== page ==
Huddersfield! I wake in a panic. The alarm didn’t work. It’s breaking light outside Not today. Not today of all days. 5.55am. Train leaves at 6.11am. Get up. Get dressed. Carve sleep from from eyes. Cold outside air. Cross the town square. In the train station. On the train. Arrive London Kings Cross 9am. Fight through morning crush. Get across Thames. In office at South Bank. 10am ready for rehearsals! It is pouring with rain. I remember these days that struggled against the tide of the previous nights alcohol intake. I’m ashamed of myself. But there is no time to be ashamed.
There are two performances today, both in The Royal Festival Hall in London. And stood on the conductors stand is Laka D working through various moments in the concert with the musicians – in rehearsal. Both events have an audience of approximately 2,000 people. The stage alone will have four hundred children upon it plus a band and the conductor and myself and yemesi blake who as the MCs.
After getting a wash and cleaning my teeth. After writing the script for all the introductions and attending rehearsals its 3pm, the stage is full of singers (four hundred) and the audience is seated, 2,000. The audience quieten down as the lights fix upon the stage. A backstage voice booms to the crowd. We have script in hand, are washed. Ready. ready. A voice booms out through the theatre,“Ladies and Gentlemen please welcome on stage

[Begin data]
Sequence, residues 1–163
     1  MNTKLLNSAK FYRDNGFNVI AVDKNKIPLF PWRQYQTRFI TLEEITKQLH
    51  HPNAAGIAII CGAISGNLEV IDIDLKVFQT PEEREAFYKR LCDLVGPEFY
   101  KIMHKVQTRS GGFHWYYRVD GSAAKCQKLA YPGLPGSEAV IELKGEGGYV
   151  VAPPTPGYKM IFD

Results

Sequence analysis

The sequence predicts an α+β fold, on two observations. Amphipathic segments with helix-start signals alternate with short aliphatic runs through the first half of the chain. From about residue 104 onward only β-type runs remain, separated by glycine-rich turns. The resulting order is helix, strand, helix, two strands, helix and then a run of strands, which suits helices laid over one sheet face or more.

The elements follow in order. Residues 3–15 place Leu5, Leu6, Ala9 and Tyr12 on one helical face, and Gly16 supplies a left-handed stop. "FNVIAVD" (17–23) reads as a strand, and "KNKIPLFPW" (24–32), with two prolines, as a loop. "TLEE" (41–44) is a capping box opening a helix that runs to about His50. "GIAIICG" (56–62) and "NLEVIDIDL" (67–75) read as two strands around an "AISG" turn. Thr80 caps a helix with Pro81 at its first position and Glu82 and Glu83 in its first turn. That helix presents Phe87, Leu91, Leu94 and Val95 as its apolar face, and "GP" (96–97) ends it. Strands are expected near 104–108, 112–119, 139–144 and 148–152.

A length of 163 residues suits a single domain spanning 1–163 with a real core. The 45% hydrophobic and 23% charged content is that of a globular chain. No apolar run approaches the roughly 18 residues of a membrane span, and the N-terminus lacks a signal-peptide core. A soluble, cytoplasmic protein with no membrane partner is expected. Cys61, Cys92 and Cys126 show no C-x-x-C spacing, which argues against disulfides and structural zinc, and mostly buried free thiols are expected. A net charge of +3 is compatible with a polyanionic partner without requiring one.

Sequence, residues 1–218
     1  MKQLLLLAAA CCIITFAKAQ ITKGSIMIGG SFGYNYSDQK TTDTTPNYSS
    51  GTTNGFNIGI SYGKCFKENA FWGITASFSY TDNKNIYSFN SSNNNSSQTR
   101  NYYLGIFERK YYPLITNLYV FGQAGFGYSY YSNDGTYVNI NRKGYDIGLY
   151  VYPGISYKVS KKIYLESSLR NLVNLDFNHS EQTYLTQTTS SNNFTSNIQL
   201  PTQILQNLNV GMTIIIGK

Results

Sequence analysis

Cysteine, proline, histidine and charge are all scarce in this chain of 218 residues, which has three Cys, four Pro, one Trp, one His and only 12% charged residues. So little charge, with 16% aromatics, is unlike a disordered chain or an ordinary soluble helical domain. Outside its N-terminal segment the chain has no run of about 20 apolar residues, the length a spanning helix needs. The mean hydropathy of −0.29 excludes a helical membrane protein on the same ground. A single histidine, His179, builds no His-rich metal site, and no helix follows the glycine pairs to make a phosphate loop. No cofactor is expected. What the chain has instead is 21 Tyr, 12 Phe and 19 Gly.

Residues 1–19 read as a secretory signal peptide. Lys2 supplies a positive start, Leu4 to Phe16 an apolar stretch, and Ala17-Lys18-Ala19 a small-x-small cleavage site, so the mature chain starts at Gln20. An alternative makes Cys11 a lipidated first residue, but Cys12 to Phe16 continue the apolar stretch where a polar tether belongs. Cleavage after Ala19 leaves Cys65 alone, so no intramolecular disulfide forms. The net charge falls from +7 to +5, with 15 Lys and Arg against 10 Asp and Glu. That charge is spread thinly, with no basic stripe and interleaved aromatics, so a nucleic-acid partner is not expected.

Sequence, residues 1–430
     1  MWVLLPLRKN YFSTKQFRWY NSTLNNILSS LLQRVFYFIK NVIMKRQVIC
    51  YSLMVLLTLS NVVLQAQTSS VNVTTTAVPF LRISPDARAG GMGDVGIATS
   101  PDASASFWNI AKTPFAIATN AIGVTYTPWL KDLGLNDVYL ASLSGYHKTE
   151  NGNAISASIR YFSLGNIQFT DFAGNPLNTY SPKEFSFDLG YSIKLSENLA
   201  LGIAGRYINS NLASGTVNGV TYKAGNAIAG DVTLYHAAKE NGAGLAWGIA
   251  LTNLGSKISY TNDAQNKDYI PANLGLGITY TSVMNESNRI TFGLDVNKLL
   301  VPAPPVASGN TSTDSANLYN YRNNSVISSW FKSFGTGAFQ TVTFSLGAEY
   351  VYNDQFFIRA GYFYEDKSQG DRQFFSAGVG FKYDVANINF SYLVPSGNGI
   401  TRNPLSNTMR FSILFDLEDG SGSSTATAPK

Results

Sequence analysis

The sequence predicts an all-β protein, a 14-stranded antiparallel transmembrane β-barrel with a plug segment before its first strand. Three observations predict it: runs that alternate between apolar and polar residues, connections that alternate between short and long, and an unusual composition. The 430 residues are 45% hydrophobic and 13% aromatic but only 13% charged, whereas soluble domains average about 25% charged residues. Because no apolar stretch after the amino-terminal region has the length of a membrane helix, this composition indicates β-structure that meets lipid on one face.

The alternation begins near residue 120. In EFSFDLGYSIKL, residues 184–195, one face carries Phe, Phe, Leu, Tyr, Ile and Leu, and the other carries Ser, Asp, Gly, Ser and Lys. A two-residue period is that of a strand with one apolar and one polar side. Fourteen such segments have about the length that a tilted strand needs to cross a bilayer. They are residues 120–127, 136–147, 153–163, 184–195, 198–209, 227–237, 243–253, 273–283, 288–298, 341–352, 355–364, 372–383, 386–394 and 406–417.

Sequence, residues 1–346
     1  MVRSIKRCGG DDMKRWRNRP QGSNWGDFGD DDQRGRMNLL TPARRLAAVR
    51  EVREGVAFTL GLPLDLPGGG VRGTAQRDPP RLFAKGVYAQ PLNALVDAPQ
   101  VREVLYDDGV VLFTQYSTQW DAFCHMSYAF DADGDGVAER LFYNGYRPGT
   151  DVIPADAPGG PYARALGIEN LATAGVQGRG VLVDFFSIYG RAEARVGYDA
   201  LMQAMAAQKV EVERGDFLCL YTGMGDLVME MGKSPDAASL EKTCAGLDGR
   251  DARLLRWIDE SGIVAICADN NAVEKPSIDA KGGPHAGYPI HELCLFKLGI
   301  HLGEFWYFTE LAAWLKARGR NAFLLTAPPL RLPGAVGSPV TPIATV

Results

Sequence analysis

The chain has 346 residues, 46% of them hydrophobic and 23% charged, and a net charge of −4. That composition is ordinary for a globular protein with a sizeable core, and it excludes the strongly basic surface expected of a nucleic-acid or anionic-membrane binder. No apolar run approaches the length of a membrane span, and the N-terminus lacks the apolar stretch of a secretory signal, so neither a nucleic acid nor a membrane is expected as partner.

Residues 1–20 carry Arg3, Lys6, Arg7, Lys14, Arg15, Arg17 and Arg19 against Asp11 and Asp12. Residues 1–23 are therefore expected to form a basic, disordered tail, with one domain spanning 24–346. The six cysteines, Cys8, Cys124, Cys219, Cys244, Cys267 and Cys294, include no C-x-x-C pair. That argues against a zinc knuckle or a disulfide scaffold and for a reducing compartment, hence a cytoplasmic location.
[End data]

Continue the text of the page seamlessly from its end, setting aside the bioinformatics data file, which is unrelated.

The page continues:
your hosts for the event Yemisi Blake and Lemn Sissay”. And the applause begins.
I can not tell you how incredible this event was. Absolutely astounding. It was all part
of the sing up campaign and Lambeth music services. Come four PM and it’s over. No time to relax. A change of clothes and another hour on a new script script. A coffee and it was it was time for yet another performance and another two thousand audience and another four hundred children. And I was able to hear my song for the first time. It’s the first one on the set list. The band strikes up and the children, their chests full of our, sing their hearts out in a crescendo of song. Goose pimples concertina’d along the back of my neck over my shoulders and along my arms to my finger tips. This was electric.
“In the name of the torch, rise. In the name of the torch, fall. I n the name of the torch, rise. In the name of the torch. All.”